Uzbekistan looks to receive up to 15% of electricity from its first nuclear power plant
Baku, Azerbaijan, Oct. 21
By Fakhri Vakilov - Trend:
The first nuclear power plant (NPP), which is planned to be built in Uzbekistan by 2030, will be able to produce up to 15 percent of the country's electricity, the head of Uzbekistan’s Uzatom agency Zhurabek Mirzamakhmudov told journalists, Trend reports citing Uzbek media.
The head of Uzatom said that the Uzbek side plans to bring solar energy to 5GW of and wind energy up to 2GW by this time, as well as double the capacity of hydropower.
“However, these capacities will not be enough,” he said.
Mirzamakhmudov added that today there is a shortage of electricity in Uzbekistan, which is partially covered by imports from Tajikistan and Kyrgyzstan. Last year, in winter, electricity was imported from Turkmenistan.
In early September 2018, Russia and Uzbekistan signed an agreement on cooperation in the construction of nuclear power plants. Russian State Atomic Energy Corporation Rosatom plans to build a complex of two 3+ generation units with VVER-1200 reactor units. The site near Tuzkan Lake in the Jizzakh region was chosen as the priority site for the construction of the station.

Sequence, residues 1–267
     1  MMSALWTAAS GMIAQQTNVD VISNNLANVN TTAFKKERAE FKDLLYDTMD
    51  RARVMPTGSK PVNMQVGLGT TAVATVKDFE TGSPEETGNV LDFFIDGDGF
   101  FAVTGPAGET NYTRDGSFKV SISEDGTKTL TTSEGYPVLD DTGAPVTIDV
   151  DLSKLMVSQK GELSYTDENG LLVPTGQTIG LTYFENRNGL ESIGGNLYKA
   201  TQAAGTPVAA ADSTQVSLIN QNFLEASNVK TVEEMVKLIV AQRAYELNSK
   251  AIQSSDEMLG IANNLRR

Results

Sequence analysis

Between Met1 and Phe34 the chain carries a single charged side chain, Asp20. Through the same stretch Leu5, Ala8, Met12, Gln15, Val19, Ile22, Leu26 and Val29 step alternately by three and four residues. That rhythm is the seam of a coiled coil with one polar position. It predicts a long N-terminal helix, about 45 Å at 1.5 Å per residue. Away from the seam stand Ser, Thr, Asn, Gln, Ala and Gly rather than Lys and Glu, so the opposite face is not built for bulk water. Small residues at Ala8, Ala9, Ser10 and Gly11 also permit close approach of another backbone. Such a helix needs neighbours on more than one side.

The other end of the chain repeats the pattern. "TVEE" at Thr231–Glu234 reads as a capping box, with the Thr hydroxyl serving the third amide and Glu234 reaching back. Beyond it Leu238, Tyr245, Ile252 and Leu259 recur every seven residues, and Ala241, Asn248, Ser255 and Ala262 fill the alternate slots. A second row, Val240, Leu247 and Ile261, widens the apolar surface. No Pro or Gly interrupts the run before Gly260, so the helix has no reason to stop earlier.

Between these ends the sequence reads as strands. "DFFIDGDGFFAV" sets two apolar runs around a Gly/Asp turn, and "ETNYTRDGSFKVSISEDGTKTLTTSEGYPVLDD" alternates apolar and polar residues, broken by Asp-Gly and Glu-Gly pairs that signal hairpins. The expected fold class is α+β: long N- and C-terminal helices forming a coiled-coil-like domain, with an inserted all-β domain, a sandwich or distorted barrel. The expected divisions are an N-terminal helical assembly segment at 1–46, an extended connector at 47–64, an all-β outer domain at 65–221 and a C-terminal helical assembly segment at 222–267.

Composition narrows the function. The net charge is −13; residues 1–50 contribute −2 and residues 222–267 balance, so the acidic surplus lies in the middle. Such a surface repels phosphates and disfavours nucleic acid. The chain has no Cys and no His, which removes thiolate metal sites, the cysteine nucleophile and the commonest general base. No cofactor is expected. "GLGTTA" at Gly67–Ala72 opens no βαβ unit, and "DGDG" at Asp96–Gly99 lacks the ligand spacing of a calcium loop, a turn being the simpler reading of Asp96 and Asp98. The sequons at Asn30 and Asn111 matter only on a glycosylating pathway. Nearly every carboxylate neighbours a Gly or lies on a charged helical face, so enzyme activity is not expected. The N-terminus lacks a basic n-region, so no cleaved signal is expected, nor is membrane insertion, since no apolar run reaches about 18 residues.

According to the forecast of Uzbekistan’s Ministry of Energy, electricity consumption in Uzbekistan will grow by 6-7 percent per year, and by 2030 the demand will be more than 112 billion kWh with more than 31 GW of generating capacity.
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